Big salaries, big dividends to shareholders, and bloated, inefficient branch networks add up to huge expenses on the books and that means customers have to pay through the nose for the privilege of having a bank account.


Ac

Show Notes

Bank Transfer Day 2020, Bigger and Better?


By Robert McGarvey



You remember Bank Transfer day, that 2011 movement that brought in perhaps one million new credit union members, possibly more.


Something a lot bigger may be about to happen.


That’s the opinion of Steve Bruyn, CEO of Foresight Research who, writing in The Financial Brand, said that its extensive polling had found nearly a doubling of the number of consumers who say they intend to change financial institutions. Now 22% say they are heading to the exit of their present financial institution, per Foresight Research.  


Foresight Research elaborated: “We have surveyed almost 11,000 banking customers and credit union members in 44 markets to find out what is really going on in the world of banking from the customer/member’s point of view.  Then we added another survey of almost 700 customers and members to find out what the pandemic had changed in the banking industry.  We found a hot spot of churn.  Churn increased from 12% (over two years) to 22% expected churn in the next year or two.”


Hear the Bruyn podcast here.


The news gets sweeter still: “Of the people who intend to leave their financial institution almost 3 out of 4 are Gen Z or Millennials - the very block of business that drives the future of your financial institution,” said Foresight Research.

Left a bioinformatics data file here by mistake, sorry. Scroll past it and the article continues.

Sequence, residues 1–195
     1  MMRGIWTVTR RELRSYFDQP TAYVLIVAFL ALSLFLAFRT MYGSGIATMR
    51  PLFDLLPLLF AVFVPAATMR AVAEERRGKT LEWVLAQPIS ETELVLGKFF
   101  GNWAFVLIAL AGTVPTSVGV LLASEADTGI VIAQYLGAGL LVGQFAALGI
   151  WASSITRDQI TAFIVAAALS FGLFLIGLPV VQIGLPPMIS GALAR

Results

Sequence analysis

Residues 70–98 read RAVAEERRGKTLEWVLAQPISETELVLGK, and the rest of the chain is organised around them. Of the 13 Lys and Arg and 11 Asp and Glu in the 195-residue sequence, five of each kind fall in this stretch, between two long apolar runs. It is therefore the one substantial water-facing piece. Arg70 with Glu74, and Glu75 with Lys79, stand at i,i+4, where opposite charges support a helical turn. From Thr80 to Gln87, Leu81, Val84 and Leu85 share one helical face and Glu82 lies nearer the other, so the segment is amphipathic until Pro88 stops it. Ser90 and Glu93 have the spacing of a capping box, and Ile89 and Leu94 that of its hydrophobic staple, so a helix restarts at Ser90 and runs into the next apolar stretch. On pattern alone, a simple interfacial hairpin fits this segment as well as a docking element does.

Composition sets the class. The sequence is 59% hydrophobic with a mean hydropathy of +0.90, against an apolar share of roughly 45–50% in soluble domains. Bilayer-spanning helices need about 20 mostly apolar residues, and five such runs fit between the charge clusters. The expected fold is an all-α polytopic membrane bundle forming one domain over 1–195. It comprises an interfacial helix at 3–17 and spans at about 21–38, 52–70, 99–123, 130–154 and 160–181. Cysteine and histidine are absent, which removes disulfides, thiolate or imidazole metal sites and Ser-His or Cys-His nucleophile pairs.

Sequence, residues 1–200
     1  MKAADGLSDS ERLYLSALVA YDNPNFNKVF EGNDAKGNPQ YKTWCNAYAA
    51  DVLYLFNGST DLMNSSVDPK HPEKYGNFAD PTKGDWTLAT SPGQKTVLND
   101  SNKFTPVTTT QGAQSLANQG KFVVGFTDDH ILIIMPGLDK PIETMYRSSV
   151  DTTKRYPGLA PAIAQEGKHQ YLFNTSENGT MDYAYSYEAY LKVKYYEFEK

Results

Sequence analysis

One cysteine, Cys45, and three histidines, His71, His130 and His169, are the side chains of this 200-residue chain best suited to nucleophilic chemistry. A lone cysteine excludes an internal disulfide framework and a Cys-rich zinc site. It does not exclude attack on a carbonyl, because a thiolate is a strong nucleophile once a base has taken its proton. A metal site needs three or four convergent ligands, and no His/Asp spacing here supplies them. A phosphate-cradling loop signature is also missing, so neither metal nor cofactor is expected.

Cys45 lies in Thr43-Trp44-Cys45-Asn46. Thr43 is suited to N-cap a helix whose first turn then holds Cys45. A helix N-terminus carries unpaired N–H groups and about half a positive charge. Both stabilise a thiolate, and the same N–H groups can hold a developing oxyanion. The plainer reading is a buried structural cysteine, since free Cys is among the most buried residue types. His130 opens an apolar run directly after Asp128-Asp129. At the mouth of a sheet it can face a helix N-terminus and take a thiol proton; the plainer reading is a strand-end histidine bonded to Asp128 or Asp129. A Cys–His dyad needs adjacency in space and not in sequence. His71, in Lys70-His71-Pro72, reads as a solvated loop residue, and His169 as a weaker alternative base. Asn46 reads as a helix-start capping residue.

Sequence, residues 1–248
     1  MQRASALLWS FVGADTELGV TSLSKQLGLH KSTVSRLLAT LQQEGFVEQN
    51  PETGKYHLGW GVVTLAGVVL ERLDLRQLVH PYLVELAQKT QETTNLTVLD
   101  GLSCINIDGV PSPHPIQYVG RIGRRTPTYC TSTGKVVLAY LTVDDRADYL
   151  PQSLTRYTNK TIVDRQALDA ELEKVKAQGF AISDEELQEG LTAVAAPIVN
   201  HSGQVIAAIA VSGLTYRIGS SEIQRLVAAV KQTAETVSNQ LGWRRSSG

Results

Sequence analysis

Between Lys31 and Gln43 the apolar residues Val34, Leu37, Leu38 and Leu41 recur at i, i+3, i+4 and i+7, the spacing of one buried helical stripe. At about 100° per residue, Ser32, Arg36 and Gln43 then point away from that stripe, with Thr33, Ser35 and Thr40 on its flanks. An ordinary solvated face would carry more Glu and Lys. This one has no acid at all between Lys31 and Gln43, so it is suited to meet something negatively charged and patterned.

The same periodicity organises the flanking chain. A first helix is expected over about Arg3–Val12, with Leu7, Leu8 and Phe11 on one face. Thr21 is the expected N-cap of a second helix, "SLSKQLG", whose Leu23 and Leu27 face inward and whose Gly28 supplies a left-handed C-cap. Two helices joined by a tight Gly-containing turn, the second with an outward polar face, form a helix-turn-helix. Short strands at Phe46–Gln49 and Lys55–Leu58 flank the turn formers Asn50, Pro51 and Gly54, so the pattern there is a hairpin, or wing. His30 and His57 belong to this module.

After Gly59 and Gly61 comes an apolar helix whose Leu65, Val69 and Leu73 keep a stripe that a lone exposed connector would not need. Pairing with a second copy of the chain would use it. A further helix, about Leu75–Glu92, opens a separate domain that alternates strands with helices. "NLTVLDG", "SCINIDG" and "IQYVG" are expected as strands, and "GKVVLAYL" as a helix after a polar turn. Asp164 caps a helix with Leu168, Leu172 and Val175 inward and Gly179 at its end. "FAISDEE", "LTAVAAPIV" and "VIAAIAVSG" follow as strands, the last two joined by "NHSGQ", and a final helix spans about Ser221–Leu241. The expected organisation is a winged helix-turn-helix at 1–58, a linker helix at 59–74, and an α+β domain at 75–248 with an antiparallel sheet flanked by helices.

Foresight Research added: “So, what drove the high churn?  Even though satisfaction declined greatly (except at credit unions) that was not the culprit.  Customers and members were generally empathetic, likely thinking ‘we are all in this together’. It was all about financial issues like interest rates and fees.  The switchers while forgiving also are looking to reduce cost or increase interest on items like money market accounts, CDs, etc.”


This makes sense. The economy is the worst it has been since the Great Depression. Millions of us are unemployed and millions more are underemployed (working fewer hours).  It’s tough to balance the household budget when less money is coming in so a shrewd step is to slash unnecessary outgo.


Bank fees are prime to be trimmed. And that is a potential bonanza for credit unions.


Ask yourself this: where can credit unions beat banks, consistently?  The answer is and has long been on pricing of everything, from account fees to NSF fees and loan interest rates.  Credit unions are member owned, they have no shareholders who demand dividends.  Most have unpaid boards of directors.  Most pay their employees fairly but rarely lavishly - and here’s a CNN round up of bank c-suite compensation and note that the CEO of Bank of America had total compensation of $24.8 million but he was by no means the highest paid in the group.


Big salaries, big dividends to shareholders, and bloated, inefficient branch networks add up to huge expenses on the books and that means customers have to pay through the nose for the privilege of having a bank account.


Ac